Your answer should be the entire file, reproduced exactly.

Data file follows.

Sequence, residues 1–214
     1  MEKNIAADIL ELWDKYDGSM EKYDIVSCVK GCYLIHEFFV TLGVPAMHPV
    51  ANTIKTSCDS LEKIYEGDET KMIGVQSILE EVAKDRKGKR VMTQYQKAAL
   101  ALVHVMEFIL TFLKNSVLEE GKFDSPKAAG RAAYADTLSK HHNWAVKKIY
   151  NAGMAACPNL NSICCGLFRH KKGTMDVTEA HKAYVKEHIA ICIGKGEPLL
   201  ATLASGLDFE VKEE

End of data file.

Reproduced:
Sequence, residues 1–214
     1  MEKNIAADIL ELWDKYDGSM EKYDIVSCVK GCYLIHEFFV TLGVPAMHPV
    51  ANTIKTSCDS LEKIYEGDET KMIGVQSILE EVAKDRKGKR VMTQYQKAAL
   101  ALVHVMEFIL TFLKNSVLEE GKFDSPKAAG RAAYADTLSK HHNWAVKKIY
   151  NAGMAACPNL NSICCGLFRH KKGTMDVTEA HKAYVKEHIA ICIGKGEPLL
   201  ATLASGLDFE VKEE